You think it is better -- but mine the poster thinks is better. I'll take mine. You seem to want to argue incessantly and side track answers to no avail on technical minutiae that isn't really what the question is getting at. I'm just going to ignore you. – Evan Carroll Aug 11 '10 at 17:26

You asked in a comment about Test::Most and how it reduces boilerplate. Look at its import method. It's loading the modules into its namespace, adding those symbols to @EXPORT, then re-calling another import through a goto to finally get them into the calling namespace. It's some serious black magic that Curtis has going on there, although I wonder why he just didn't use something like import_to_level. Maybe there are some side effects I'm not thinking about.

I talk quite a bit about this sort of thing in Avoid accidently creating methods from module exports in The Effective Perler. It's in a different context but it's some of the same issues.

Here's a different example.

If some other module loads a module, you have access to it. It's not good to depend on that though. Here are three separate files:


use 5.010;

package Top;
use File::Spec;

sub announce { say "Hello from top!" }


package Bottom;
use parent qw(Top);

sub catfiles { File::Spec->catfile( @_ ) }



use 5.010;

use Bottom;

say Bottom->catfiles( qw(foo bar baz) );

say File::Spec->catfile( qw( one two three ) );

I only load File::Spec in Top.pm. However, once loaded, I can use it anywhere in my Perl program. The output shows that I was able to "use" the module in other files even though I only loaded it in one:


For this to work, the part of the code that loads the module has to load before any other part of the code tries to use that module. As I said, it's a bad idea to depend on this: things break if the loading sequence changes or the loading module disappears.

If you want to import symbols, however, you have to explicitly load the module you want while you are in the package you want to import into. That's just so the exporting module defines the symbols in that package. It's not something that depends with scope.

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For boilerplate reduction, I have a couple of strategies: Most of my classes are Moose classes, which takes care of OO setup and also gives me strict and warnings. If I want to have functions available in many packages, I'll create a project specific MyProject::Util module that uses Sub-Exporter to provide me with my own functions and my own interface. This makes it more consistent, and if I decide to change the Dumper (for example) later for whatever reason, I don't have to change lots of code. That'll also allow you to group exports. A class then usually looks something like this:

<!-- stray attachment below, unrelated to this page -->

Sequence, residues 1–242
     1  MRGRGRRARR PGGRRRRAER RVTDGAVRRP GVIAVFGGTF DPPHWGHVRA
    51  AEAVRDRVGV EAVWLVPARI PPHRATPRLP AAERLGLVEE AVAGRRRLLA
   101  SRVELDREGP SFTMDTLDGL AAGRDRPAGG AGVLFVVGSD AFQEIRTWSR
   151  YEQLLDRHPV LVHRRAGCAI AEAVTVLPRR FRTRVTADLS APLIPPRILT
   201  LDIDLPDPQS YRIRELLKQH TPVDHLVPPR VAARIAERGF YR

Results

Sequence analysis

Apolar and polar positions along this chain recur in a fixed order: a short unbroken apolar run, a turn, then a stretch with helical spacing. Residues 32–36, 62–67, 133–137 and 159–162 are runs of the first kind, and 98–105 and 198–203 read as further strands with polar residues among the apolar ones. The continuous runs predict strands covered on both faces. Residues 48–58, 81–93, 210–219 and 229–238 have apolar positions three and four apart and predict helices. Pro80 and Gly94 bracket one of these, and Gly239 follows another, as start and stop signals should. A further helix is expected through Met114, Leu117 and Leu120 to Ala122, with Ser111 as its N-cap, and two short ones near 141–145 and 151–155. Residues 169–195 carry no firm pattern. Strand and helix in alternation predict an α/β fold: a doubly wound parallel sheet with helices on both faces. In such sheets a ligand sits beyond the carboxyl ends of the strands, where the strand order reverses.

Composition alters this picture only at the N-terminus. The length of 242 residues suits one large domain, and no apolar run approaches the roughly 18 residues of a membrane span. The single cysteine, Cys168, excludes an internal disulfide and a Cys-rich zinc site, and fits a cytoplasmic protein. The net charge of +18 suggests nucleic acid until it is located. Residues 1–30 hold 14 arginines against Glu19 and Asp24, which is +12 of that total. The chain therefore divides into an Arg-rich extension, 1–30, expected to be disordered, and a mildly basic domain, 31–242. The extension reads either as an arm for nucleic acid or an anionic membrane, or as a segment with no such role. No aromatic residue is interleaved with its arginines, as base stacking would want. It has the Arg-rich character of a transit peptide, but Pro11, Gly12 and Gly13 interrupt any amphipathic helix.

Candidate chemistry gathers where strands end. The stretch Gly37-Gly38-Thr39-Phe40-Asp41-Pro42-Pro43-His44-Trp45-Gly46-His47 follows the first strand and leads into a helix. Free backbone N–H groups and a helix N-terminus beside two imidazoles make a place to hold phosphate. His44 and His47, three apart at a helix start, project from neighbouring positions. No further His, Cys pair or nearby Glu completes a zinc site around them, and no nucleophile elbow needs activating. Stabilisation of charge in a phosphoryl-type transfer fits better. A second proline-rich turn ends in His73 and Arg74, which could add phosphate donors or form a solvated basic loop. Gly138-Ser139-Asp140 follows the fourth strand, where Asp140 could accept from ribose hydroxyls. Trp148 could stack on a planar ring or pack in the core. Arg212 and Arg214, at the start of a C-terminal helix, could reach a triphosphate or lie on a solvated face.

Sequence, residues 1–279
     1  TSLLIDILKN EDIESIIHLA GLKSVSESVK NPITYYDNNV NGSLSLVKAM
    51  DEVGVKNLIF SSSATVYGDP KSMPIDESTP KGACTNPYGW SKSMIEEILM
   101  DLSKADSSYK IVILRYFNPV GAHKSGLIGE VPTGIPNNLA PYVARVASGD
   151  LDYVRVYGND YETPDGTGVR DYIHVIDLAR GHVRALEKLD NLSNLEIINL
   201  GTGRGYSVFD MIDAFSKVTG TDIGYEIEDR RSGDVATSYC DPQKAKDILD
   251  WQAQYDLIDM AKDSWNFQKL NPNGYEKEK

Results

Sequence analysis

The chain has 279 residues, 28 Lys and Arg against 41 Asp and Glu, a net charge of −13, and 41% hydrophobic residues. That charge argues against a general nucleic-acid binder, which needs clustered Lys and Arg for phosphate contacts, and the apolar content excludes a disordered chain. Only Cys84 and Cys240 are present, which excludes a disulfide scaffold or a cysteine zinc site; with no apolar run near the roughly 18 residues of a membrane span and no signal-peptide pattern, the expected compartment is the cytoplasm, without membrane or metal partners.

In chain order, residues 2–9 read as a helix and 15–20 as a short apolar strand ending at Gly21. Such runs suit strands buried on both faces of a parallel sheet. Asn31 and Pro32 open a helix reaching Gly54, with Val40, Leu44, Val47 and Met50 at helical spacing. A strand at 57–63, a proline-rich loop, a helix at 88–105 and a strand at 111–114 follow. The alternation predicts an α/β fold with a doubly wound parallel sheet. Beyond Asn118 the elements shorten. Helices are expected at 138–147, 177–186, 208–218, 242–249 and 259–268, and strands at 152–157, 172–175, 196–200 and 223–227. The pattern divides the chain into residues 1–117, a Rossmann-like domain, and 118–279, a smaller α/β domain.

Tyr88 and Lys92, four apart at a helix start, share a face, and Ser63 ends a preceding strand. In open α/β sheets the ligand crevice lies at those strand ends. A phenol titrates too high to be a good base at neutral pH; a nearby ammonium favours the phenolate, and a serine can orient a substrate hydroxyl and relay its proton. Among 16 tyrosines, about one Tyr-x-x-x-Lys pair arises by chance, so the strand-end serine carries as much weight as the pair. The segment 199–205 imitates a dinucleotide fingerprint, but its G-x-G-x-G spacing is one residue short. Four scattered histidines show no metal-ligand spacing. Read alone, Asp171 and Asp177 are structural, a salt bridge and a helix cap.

package Foo;
use Moose;
use MyProject::Util qw( :parsing :logging );

use namespace::autoclean;

# class implementation goes here


If there's other things you regard as boilerplate and want to make simpler to include, it of course depends on what those things are.

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A pragmatic answer to your problem: Either use, or look at how Modern::Perl does it to enforce strict and warnings.

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Modern::Perl pulls in strict and warnings, which are modules that futz with $^H. Most modules aren't going to want to do that. – brian d foy Aug 13 '10 at 10:41

You can get a definitive answer by examining the symbol tables for each package:

# examine-symbol-tables.pl
use Bar;

%parent_names = map{$_ => 1} keys %Foo::;
%child_names = map{$_ => 1} keys %Bar::;

delete $parent_names{$_} && ($common_names{$_} = delete $child_names{$_}) foreach keys %child_names;

print "Common names in symbol tables:\n";
print "@{[keys %common_names]}\n\n";

print "Unique names in Bar symbol table:\n";
print "@{[keys %child_names]}\n\n";

print "Unique names in Foo symbol table:\n";
print "@{[keys %parent_names]}\n\n";

$ perl inherit.pl
Common names in symbol tables:

Unique names in Bar symbol table:
ISA isa import

Unique names in Foo symbol table:
Dumper new VERSION